Friday, February 13, 2015

Review: Baseball Prospectus 2015

Edited by Sam Miller and Jason Wojciechowski

We've hit the 20-year milestone in the publication history of the Baseball Prospectus. In that time, it has become a welcome sign of the approach of spring. Along the way, the series has taught us much about baseball, how it's played and what might happen in the months and years to come.

So what do people want to talk about when it comes to reviews on Amazon.com? The layout of this year's book. That's a new one, for this book and almost every other published volume.

Two points do come out rather quickly when taking the quickest of glances at this year's book. It's smaller than the 2014 edition by around 100 pages or so. When it comes to data, this is sort of like going from the Los Angeles phone book to the Dallas phone book. Huge to very big. There are a few players dropped from the sum total, but the 2015 version still has more than 2,000 players ranked. Someone who turns out to be significant might have slipped under the cracks, but the odds are against it. It's not a major problem for most.

Then there's the matter of design. The player capsules have been redone, so that there is less white space between lines and it might be a point of type size smaller. (OK, you try to tell the difference between 8 pt. and 9 pt.) It's a little bit more difficult to read. That's particular true because the line of type goes across almost seven inches of the page. It might work better to make each comments fit into two columns, with a little canyon of white space in between. Yes, it would expand the size of the book, but that could be attacked with slightly shorter comments or moving a few more players into the list of other players covered at the end of each team chapter.

Speaking of those catch-all sections, the type size and leading definitely has been reduced, making it somewhat intimidating to read. Personally, I glanced over the list looking for familiar names, and then moved on quickly. That's not the best idea in a book.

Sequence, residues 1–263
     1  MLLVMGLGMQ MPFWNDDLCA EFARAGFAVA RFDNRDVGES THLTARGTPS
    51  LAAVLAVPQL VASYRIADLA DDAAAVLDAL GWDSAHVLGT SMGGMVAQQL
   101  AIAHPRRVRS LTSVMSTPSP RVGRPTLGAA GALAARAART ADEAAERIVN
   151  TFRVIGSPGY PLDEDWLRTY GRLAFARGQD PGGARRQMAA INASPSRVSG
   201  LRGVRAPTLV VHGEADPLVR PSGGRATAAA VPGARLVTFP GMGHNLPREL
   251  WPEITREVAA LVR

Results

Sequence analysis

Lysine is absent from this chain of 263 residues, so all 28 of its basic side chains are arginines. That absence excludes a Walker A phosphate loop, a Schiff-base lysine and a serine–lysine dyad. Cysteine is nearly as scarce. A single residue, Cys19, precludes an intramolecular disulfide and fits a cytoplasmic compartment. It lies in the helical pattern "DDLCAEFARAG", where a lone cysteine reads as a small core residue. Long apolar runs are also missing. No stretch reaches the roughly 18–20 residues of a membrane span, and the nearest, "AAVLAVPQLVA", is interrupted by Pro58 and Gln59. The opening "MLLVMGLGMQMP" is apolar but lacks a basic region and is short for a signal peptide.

Otherwise, everything works out nicely. The writers obviously know what they are talking about, and there's a major effort to make the writing of each player capsule filled with fun and information. The team reviews, a couple of pages that serve as the introduction to the chapter, are for the most part well done.

The group at Baseball Prospectus have adopted the new statistics that have entered the game with zeal. There are all sorts of figures that come out here, and not just anagrams. There's good information on a variety of aspects of the game, and how that might affect future performance. In other words, there are such things as FIP and FRAA calculated, but they won't hurt your enjoyment of the book. If there's a lesson to be learned out of such work, it's that it's a reminder how athletically we all start declining in the mid-to-late 20s, and a typical player doesn't get very long to prove he should be or can stay a major leaguer.

As I've said before, "Baseball Prospectus" gets read here when it comes out, and then put away for reference during the course of a season. If there's a trade involving prospects, it's a primary resource for background information. It's a must-read for the major baseball enthusiast. Just make sure your glasses are clean before you start reading.

Four stars

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